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Wednesday, November 18, 2009

Rats + Fire = Salvation of California Plant

Posted By on Wed, Nov 18, 2009 at 8:30 AM

click to enlarge Growing manzanitas takes a green thumb -- and rodents - JOE ESKENAZI
  • Joe Eskenazi
  • Growing manzanitas takes a green thumb -- and rodents
These are heady times indeed for the scientists who crawl through the dirt to study the short, sprawling plant species that all but exclusively calls California home -- the manzanita. Yesterday we reported that two of the state's top experts have weighed in that the plant until recently hidden for half a century or more by weeds and the Doyle Drive highway is a Franciscan Manzanita. Genetic tests are pending -- but it seems this is the first Franciscan Manzanita found in the wild since 1947.

That grabbed some headlines. But work recently undertaken by San Francisco State's Professor Tom Parker may change the way scientists think about evolution. Parker -- one of the aforementioned experts called in to verify the Franciscan Manzanita -- asserts that one of the key factors in manzanita survival is ... rats.

While supervising his students' field studies on seed predation -- in plain English, seeds being eaten by rats and other rodents -- Parker noticed something interesting about manzanita growth patters in fire zones. Emerging from the charred earth, the young plants came up in clusters of 10, 20, or even 30 plants packed together in a small space. It occurred to the professor that an odd, symbiotic relationship might be going on: Rats may be burying manzanita seeds deep enough that they survive fires and form the next generation.

It's a nifty idea. But to prove it, you need to follow around some rats. So Parker did. 

Parker put together some student teams and headed out to the wild. The researchers left out some delicious manzanita seeds, but in order to get to them, the rodents had to trod upon pans of ultraviolet fluorescent powder. Parker and his students then followed the tiny, glowing footprints to the rats' seed caches.

"We dug them up very carefully so we could see how deep they were," he says. "We were basically on our bellies, digging with a spoon."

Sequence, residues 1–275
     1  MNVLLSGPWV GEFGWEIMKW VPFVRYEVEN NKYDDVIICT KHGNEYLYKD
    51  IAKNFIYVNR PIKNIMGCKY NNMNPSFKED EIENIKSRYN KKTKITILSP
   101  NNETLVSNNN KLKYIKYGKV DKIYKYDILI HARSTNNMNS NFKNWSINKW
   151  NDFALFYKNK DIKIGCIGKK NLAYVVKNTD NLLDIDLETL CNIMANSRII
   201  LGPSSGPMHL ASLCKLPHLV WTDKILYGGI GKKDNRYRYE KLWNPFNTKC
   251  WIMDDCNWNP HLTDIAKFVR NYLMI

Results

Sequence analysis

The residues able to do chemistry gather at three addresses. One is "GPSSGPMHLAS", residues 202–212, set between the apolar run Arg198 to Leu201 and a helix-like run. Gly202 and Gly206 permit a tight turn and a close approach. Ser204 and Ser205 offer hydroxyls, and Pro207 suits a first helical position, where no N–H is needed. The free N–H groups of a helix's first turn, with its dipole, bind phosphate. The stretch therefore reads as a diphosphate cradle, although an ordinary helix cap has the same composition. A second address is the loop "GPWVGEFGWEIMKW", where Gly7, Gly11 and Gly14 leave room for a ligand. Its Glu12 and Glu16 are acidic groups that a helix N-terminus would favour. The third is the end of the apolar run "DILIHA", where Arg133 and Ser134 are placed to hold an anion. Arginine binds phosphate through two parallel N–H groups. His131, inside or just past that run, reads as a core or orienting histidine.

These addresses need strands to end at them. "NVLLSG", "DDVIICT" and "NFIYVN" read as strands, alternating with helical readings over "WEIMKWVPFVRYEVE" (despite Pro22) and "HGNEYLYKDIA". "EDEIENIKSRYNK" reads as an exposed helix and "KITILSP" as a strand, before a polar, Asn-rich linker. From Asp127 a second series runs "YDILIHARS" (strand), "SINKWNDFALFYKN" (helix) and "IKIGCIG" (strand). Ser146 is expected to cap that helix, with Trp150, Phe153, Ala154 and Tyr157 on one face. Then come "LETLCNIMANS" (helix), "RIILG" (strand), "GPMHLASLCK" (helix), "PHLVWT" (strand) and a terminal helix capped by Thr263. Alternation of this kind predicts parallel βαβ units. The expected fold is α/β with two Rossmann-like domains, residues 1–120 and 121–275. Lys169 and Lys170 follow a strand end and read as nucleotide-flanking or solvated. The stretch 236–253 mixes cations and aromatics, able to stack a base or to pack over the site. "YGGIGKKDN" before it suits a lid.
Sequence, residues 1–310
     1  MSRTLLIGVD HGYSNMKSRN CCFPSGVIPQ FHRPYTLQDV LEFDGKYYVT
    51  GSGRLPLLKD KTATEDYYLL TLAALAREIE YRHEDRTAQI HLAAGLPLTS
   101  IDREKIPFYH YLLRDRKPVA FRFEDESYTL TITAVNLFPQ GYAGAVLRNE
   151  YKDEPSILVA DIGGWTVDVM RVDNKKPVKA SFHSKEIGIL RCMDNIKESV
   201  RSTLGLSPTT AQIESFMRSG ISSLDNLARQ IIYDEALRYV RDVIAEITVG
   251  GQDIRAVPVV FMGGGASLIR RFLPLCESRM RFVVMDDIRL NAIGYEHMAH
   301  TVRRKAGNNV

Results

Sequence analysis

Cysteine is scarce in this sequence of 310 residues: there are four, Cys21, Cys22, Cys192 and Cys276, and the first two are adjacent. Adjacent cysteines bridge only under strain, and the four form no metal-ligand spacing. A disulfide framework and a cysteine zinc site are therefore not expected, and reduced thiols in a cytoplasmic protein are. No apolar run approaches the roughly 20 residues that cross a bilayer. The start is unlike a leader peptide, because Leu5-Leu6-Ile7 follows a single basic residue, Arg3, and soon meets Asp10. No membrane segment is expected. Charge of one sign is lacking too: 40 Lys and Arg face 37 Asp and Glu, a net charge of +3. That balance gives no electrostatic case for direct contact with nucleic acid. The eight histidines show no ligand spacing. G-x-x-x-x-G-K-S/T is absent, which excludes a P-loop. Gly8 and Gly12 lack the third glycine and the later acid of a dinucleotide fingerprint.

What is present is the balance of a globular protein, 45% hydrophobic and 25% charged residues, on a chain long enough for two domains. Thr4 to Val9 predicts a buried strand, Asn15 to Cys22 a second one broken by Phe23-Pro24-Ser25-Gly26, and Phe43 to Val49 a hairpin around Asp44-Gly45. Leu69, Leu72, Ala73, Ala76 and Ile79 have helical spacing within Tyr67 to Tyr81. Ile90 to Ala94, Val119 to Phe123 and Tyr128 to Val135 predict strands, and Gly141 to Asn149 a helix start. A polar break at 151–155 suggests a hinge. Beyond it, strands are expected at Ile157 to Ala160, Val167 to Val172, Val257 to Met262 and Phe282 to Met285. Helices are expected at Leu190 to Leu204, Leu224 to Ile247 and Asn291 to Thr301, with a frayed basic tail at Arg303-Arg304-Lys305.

Scientists have long known that manzanitas often require fire to successfully germinate (the seeds' hard exteriors crack open when exposed to chemicals present in smoke). But the rat connection may be a silver bullet. Now that Parker knows how deep the seeds are buried, he can run experiments to gauge the effect of fire on the rats' caches. But his preliminary observations definitely seem to point to the manzanitas' leaning heavily on rats for survival.

That's most obvious when he visited burn zones. The more heavily burned the area was, the higher the proportion of seedlings that sprouted from rodent caches. "At low-intensity areas, most seedlings come out of natural seed banks that rodents didn't bury," says Parker. "But as fire increases in intensity, the proportion of seedlings that comes out of rodent caches increases to nearly 100 percent."

It's an interesting and counter-intuitive notion -- especially as scientists will now struggle to save the rediscovered Franciscan Manzanita. Perhaps they won't be able to do it without fire -- and rats.

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About The Author

Joe Eskenazi

Joe Eskenazi

Joe Eskenazi was born in San Francisco, raised in the Bay Area, and attended U.C. Berkeley. He never left. "Your humble narrator" was a staff writer and columnist for SF Weekly from 2007 to 2015. He resides in the Excelsior with his wife, 4.3 miles from his birthplace and 5,474 from hers.


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